workers, it has also shown a light on how challenging their jobs can be. despite it all, this doctor says it is still a good career. >> you are very privileged to be with people in a very difficult time in their life and help them, and do something that has a positive impact on their lives. zach: one big challenge for the health care community, is getting the next generation to realize that. the u.s. bureau of labor statistics reports nearly 200,000 openings for nurses are projected each year over the next decade. their report cites reasons like workers transferring to other fields, leaving the workforce altogether, or retiring. but other professionals are working hard to recruit. the good doctor, donating his body to science, and the students soaking up every minute of the experience. >> it's my first time doing an ultrasound, let alone one that is connected. i thought it was cool. zach: the goal of this weeklong program looks like it is being accomplished. >> before the program, i wasn't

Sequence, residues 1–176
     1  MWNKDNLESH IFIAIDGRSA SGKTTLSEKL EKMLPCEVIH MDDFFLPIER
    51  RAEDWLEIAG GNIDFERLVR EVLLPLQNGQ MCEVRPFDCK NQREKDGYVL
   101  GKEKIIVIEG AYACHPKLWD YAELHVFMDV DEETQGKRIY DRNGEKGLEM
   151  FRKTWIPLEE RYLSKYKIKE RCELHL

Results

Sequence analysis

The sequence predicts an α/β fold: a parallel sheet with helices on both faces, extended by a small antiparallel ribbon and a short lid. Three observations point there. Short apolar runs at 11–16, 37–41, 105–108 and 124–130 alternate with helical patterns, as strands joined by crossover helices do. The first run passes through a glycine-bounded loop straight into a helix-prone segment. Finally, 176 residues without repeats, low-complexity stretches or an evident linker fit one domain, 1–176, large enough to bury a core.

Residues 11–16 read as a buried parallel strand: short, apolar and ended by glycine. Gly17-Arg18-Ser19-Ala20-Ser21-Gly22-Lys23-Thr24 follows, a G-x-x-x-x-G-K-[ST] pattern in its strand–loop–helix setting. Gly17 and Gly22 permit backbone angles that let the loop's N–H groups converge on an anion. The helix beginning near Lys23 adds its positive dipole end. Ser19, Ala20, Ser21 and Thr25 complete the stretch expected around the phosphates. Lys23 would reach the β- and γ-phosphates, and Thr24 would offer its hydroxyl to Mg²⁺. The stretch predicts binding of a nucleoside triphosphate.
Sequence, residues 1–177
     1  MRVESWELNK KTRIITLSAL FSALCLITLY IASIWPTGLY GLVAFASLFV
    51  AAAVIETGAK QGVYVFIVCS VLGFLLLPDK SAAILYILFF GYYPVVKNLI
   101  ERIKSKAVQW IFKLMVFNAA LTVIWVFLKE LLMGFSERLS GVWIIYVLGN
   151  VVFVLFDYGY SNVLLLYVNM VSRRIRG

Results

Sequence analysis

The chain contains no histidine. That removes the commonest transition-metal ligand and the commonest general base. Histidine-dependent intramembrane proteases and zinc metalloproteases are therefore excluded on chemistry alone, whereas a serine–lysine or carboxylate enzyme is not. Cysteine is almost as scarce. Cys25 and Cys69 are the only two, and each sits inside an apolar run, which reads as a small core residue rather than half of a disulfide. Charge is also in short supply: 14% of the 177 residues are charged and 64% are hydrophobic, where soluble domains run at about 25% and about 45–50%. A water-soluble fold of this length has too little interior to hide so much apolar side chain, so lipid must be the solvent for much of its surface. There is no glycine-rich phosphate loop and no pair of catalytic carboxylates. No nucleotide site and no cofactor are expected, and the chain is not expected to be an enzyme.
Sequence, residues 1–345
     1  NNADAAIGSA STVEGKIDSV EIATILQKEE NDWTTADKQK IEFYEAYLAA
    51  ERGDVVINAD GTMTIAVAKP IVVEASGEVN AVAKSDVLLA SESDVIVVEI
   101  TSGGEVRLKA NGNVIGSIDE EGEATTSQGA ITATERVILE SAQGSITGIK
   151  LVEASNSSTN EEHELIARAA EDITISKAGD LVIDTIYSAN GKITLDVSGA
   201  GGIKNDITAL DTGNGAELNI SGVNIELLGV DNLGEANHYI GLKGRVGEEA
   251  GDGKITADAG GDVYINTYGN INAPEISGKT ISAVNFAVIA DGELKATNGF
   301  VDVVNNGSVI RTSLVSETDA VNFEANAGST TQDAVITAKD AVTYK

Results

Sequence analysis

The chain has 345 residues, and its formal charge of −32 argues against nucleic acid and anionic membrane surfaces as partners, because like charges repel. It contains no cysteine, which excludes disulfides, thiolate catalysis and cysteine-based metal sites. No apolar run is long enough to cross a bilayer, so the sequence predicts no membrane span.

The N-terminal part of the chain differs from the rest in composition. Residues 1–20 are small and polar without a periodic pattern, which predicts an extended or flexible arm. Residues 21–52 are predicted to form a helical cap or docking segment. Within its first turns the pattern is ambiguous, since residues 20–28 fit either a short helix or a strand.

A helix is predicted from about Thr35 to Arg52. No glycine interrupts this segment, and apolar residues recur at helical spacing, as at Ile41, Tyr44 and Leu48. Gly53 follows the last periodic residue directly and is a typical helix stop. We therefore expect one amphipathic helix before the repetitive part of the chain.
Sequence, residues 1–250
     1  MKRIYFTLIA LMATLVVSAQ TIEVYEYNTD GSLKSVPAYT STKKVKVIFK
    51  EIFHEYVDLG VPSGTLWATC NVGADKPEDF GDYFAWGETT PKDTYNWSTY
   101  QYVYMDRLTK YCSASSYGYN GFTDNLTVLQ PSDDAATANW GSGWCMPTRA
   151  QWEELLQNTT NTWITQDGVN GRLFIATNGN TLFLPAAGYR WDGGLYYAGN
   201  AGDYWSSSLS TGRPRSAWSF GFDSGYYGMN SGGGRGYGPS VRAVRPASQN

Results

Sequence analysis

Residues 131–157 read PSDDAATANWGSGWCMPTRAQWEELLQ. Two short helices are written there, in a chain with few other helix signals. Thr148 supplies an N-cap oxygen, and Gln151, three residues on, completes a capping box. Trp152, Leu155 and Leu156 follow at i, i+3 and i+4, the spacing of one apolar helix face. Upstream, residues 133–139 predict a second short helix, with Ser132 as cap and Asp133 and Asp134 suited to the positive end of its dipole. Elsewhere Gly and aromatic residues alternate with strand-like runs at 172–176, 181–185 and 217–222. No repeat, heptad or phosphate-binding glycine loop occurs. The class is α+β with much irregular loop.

sure, there is a lot of stigma and everything around it. but after this program, i think my pathway is leaning more towards the medical field. zach: in san jose, zach fuentes, abc 7 news. karina: cesar chavez's family home in east san jose has a new owner, is s southbay nonprofit. along with multiple partners they purchased the home to conserve the history of the home. they plan to turn the home to a living museum and interpretive learning center for future generations to come. >> our language is worth preserving. our immigrant parent that brought us here, is worth preserving, and young people in this community need to know and learn about the struggle that was never easy. karina: the cesar chavez family offered historical artifacts and documents for the museum.